Friday, January 16, 2015

Martin Luther King Jr. Day

Monday, January 19th is Martin Luther King Jr. Day.

Many of you may have heard of Martin Luther King Jr. Day, if for no other reason than that there is no class that day! However, many are often unaware of who this man was and why we celebrate his birthday every year. 

Dr. King was a minister, activist, and leader of the Civil Rights Movement during the 1950s and 1960s. At that time in the U.S., African Americans were commonly treated as second class citizens. Dr. King was a leader in trying to gain equality for all people. He was famous for preaching non-violence, and his "I have a dream" speech remains one of the most recognizable speeches made in our history. To see and listen to the speech, click here:

Wednesday, December 31, 2014

New Year's Eve

New Year's Eve is celebrated in America on December 31. 

There are many ways people celebrate this holiday! One of the most common ways is to stay up till midnight to welcome in the New Year with friends and family. Fireworks are often lit off at midnight. 

Most people in America make New Year's resolutions. A resolution is a promise to yourself to work on something you have been meaning to fix. Common resolutions include  improving one's grades, eating healthier, or saving money.

Here’s some advice about how to succeed with your new year’s resolution:
1. Set reasonable goals. Be very specific about your resolution. Don't say: "I want to do better in class." Do say: "I will study every day for one hour for each class" or “I will talk with one person I don’t know every day.” Make realistic, measurable goals and write them down.
2.  Limit the number of resolutions you make. It's better to do one thing well than several things poorly (or not at all).
3.  Post your list in a visible place to serve as a reminder and encouragement to yourself. It will also allow other people to see your resolutions and provide support. If you want to keep your resolutions private, record them in a journal.
4.   Enlist the support of your friends and family. If you're lucky, they'll have similar goals and you can work on your resolutions together. Encourage people to be helpful and supportive.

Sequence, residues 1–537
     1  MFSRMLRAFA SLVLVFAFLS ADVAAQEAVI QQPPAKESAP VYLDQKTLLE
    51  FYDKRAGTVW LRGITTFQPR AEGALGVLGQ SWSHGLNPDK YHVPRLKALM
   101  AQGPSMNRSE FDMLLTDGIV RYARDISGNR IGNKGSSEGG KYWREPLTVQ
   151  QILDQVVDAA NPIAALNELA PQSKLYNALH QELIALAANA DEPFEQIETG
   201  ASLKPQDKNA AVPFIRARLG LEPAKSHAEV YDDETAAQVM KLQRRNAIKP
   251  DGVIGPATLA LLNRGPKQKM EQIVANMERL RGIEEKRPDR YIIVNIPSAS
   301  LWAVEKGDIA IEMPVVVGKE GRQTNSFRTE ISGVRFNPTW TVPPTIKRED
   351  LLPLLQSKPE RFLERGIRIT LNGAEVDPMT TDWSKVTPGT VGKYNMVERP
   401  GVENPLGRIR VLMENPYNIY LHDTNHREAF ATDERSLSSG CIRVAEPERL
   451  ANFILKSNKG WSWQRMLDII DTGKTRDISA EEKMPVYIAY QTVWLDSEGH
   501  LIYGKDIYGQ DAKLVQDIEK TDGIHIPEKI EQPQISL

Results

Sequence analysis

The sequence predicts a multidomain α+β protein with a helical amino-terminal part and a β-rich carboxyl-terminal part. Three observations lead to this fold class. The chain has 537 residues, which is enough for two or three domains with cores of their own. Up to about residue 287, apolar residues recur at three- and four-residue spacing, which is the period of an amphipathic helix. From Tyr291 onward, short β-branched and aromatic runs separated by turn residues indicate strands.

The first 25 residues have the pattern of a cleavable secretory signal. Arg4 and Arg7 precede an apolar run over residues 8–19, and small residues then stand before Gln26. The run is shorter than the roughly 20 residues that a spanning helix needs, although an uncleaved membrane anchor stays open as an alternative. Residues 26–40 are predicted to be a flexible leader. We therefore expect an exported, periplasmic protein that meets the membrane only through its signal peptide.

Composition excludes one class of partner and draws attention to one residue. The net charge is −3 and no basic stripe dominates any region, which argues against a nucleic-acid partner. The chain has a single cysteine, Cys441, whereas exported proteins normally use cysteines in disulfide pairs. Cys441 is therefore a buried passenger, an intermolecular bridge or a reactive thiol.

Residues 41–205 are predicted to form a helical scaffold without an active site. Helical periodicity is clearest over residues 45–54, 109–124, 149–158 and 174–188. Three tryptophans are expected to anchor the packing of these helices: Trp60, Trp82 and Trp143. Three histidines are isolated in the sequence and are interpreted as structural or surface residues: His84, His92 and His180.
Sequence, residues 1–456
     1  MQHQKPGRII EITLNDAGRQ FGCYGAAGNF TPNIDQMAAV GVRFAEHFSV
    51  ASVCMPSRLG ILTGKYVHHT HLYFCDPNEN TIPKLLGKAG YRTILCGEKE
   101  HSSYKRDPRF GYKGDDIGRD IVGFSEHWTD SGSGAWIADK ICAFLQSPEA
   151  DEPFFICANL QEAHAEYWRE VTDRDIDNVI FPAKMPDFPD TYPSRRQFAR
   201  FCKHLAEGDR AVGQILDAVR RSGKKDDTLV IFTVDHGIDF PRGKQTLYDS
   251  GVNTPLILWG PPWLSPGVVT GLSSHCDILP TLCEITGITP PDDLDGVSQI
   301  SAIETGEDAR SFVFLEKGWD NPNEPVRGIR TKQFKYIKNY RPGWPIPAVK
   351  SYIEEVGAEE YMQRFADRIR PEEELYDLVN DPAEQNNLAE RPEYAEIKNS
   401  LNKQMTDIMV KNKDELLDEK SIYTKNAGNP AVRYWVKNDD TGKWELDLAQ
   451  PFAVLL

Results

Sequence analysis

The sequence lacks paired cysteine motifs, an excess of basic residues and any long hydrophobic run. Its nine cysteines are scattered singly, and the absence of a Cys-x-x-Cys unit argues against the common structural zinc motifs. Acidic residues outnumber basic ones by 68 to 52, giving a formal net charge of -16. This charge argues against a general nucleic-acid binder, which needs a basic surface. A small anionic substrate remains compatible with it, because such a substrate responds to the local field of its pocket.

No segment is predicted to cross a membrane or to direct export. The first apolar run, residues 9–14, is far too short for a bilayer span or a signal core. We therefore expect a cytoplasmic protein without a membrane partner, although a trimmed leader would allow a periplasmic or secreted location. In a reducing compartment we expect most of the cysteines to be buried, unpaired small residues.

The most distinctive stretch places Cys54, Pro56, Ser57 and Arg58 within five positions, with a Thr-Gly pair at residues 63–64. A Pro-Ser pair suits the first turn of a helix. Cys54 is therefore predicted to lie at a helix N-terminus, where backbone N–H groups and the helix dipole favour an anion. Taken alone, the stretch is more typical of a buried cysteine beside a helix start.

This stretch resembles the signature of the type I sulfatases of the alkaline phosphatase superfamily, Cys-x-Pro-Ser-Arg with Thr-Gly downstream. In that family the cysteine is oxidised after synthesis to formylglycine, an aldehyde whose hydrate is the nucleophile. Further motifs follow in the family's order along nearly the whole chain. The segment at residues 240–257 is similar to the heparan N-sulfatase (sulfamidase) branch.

5.  Take action immediately. Make important appointments with a doctor, dietitian, advisor or counselor. Sign up for a new activity. Make an appointment with someone you have not met before.
6.  Practice new behaviors that encourage success. If you want to stop smoking, don't hang out in smoke-filled bars or casinos. If you want to lose weight, don't bring desserts, junk food, candy or ice cream into the house. Limit your exposure to people who are likely to encourage resolution-breaking. Surround yourself with people who will encourage you.
7.   Set incremental (step-by-step) goals and reward yourself for partial successes. If you're working on studying more, for example, reward yourself with a small splurge after you do this for a week. Celebrate and go out for coffee or tea!
8.   Substitute a good habit for the bad one you want to break. If your goal is to eat less junk food, find a healthy food you love. If you want to spend more time studying, make a calendar with designated times to study (and to take a break!) on it.

Read more: How to Stick to Your New Year's Resolutions |

We hope everyone has a wonderful new year, and we look forward to seeing everyone on January 5!

Friday, December 26, 2014

CIEP End of Quarter Ceremony Speeches

Missed the CIEP End of Quarter Ceremony? If yes, check out the three speeches below given by current and recently graduated CIEP students! 

1.       This speech was given by graduating student Jawaher Alotaibi at the Autumn Quarter 2014 Campus Intensive English Program End of Quarter Ceremony at the University of Washington.

2.       This speech was given by student Nan Cheng at the Autumn Quarter 2014 Campus Intensive English Program End of Quarter Ceremony at the University of Washington.

3.       This speech was given by student Yuta Taniguchi at the Autumn Quarter 2014 Campus Intensive English Program End of Quarter Ceremony at the University of Washington.

Tuesday, December 9, 2014

Teacher Reflections

Dear International Students,

I am speaking to you today not as a teacher but as a witness—a person who sees what is happening and who speaks about what he sees.